An interview with Nemonte Nenquimo

Image © Amazon Frontlines

By , |2022-07-07T13:28:34+00:00June 23rd, 2022|Biocultural Diversity, Biodiversity, Community, Flourishing Diversity, Indigenous Peoples|Comments Off on An interview with Nemonte Nenquimo

Nemonte Nenquimo is an Indigenous leader of the Waorani people in the Ecuadorean Amazon province of Pastaza, one of the most biodiverse regions on Earth. Nemonte gained global attention when she led a successful court action to block a proposal for oil exploration and drilling on 500,000 acres of Waorani land. Her tireless and courageous work to rally Indigenous Peoples in Ecuador to oppose oil exploitation on their territory and insist on proper consultation led to a landmark legal victory, a decision that was seen as setting a precedent for Indigenous rights in the region.

Nemonte was subsequently awarded the Goldman Environmental Prize for South and Central America, in 2020, and she was also named in Time’s magazine’s list of the world’s 100 most influential people in the same year.

Three years on, what is the legacy of this famous victory? We spoke to Nemonte about the continuing challenges facing the Waorani, and her work to bring their struggle out to the wider world; and we asked what people in rich, industrialised nations can do to support Indigenous Peoples to protect their land and help to ensure that biological and cultural diversity can flourish.

Taking the government on, and winning

Q: Since you won the landmark court ruling in 2019 against the Ecuadorian government and in favour of the Waorani, how have things changed for you personally and for the Waorani?

Nemonte: At the time, a lot of people told us there was no way we would be able to win against a government that has many more resources than us, small Indigenous nations. There was no way we could defeat them in court! Yet by building solidarity with other Indigenous nations, with Indigenous Federations marching in the streets, connecting with people around the world, we did defeat the government – we beat them in court.

For me personally, our victory against the Ecuadorian government clearly demonstrated the strength of having a united voice. It showed me for the first time that our voices and our decisions need to be respected. As a leader, it helped me to recognise the power that we can actually wield.

Waorani Indigenous leader Nemonte Nenquimo marches in Quito with other Indigenous leaders, in 2019
Nemonte Nenquimo marches alongside representatives from other Indigenous nations in Quito, 2019. Image © Amazon Frontlines

But in terms of whether things have changed in government, no. We are still facing threats to our lands. The new Ecuadorean President (Guillermo Lasso) recently issued two decrees to expand oil and mining across the Amazon. From the government side of things, there has been no positive change…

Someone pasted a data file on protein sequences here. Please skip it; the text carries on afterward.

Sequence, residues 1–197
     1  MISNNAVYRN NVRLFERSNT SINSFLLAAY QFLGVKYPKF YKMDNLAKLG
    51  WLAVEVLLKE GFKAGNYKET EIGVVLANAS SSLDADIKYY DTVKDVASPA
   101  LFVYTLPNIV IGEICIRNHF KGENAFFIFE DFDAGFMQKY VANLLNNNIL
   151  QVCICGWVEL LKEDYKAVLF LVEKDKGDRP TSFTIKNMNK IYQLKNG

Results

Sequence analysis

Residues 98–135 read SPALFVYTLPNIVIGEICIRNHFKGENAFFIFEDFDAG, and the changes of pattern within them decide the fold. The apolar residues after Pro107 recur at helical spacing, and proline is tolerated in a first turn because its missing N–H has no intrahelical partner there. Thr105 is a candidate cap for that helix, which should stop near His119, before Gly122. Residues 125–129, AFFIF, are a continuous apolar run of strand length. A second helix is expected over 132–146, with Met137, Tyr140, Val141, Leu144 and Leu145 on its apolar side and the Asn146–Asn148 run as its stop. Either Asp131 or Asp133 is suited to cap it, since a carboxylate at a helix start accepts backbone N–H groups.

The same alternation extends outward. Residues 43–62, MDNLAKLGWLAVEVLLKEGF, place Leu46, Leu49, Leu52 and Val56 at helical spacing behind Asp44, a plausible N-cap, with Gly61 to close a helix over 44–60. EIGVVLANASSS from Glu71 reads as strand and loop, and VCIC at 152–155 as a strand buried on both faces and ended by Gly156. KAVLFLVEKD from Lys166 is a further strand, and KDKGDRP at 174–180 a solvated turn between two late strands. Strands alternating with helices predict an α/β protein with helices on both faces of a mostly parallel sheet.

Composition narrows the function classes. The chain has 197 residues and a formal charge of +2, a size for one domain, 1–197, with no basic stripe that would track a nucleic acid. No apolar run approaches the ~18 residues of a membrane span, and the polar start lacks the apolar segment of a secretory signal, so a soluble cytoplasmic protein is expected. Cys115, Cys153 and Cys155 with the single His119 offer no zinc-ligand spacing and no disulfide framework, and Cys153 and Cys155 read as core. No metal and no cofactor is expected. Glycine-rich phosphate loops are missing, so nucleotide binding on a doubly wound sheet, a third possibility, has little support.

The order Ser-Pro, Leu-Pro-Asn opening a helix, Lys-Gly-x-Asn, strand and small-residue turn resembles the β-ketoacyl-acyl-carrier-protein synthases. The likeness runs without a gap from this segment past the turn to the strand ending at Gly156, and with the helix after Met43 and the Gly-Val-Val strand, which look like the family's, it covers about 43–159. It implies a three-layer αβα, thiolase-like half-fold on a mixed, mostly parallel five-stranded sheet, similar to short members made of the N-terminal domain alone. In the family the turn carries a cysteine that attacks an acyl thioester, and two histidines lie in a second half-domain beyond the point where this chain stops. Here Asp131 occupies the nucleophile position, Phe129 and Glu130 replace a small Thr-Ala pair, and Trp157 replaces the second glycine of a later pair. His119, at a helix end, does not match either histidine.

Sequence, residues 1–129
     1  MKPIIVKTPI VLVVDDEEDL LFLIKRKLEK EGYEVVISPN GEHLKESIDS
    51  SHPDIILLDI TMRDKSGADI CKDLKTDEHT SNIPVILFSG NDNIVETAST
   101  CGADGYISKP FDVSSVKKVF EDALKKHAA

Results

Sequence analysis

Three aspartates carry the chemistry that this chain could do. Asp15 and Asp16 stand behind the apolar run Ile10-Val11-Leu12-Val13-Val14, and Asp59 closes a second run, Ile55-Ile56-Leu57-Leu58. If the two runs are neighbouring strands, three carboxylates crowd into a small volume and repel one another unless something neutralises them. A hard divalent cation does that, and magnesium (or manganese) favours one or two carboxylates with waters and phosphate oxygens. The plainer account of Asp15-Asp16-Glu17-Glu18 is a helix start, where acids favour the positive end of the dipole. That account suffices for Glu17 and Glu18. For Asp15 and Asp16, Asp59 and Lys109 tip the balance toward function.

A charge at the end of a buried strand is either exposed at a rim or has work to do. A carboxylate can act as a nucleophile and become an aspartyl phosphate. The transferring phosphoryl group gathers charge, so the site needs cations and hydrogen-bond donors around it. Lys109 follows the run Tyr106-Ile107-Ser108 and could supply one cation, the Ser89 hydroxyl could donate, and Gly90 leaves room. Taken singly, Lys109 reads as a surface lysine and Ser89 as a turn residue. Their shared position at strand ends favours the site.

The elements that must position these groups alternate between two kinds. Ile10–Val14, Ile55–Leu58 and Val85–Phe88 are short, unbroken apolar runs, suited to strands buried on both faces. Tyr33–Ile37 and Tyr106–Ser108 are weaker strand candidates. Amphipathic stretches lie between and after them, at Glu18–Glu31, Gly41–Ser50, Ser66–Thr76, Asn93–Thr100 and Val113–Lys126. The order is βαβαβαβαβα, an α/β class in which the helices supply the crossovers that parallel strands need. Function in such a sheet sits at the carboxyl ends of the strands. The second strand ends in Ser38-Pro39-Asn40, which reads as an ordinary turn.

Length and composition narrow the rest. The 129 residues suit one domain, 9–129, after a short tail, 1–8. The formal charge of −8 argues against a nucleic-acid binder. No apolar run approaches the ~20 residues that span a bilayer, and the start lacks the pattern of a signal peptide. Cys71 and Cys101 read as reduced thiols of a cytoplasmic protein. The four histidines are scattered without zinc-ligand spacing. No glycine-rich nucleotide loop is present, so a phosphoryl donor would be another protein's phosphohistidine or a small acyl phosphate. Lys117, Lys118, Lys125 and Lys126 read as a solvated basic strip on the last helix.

But it does feel like my people have woken up. The 2019 struggle really raised awareness and brought the threats against our lands to their attention, and I feel it has given us a renewed sense of drive to protect our lands. And I think there was also a wider shift in awareness about the need to listen to Indigenous people’s voices and respect their decisions.

We have shown the world the power of a united collective movement, a collective struggle.

Our forest is a place that is full of life

Nemonte: There is something central to our Indigenous world view that often gets misunderstood or only partially understood in the West: the natural environment and within it all the biological diversity, the animals and Indigenous Peoples are not separate, unconnected things; they are one and the same. Indigenous Peoples belong to a biodiverse environment, and we maintain a direct relationship and a deep connection with that environment.

Indigenous wisdom is about respecting the natural world. Why would we destroy what we rely on to survive and what we rely on for our way of life?

Our food and livelihoods originate from the forest. We recognise that if we overhunt or destroy the environment and its animals, then we are damaging our own future.

Indigenous Peoples have a deep connection and understanding of animals and wildlife, and that connection has contributed to the protection of biodiversity within Indigenous territories. Our forest is a place that is full of life, and it provides everything we need. It is our pharmacy, our hardware store, our supermarket…

We see our forest in the same way that you see your cities. We know where the different fruit trees are, we know where the wild boar will be, we know where there is a freshwater spring, we understand our territory and see it in a similar way to people planning and mapping out their cities.

Members of the Waorani in river
The Waorani do not consider themselves as separate from nature. Image © Amazon Frontlines

More than an empty space

Nemonte: The problem is that many outsiders see the forest as just a big green empty space. Or worse than that, many governments and companies view our territory as simply a series of overlapping resource concessions, as oil blocks, logging areas, mining claims.

The power of using maps as a tool in this legal case was as a way to tell that story and help the government and the judges – and people around the world – to understand how Indigenous people both view and live within our territory.

Mapping allowed us to tell a more complex story about Indigenous territory to people who don’t live there. We needed to contradict the official narrative that the forest is just an empty place where there are not many people, or that forests are just places from which you can extract resources.

A Waorani elder leading a mapping exercise
Mapping sacred spaces with Indigenous Waorani elders. Image © Amazon Frontlines
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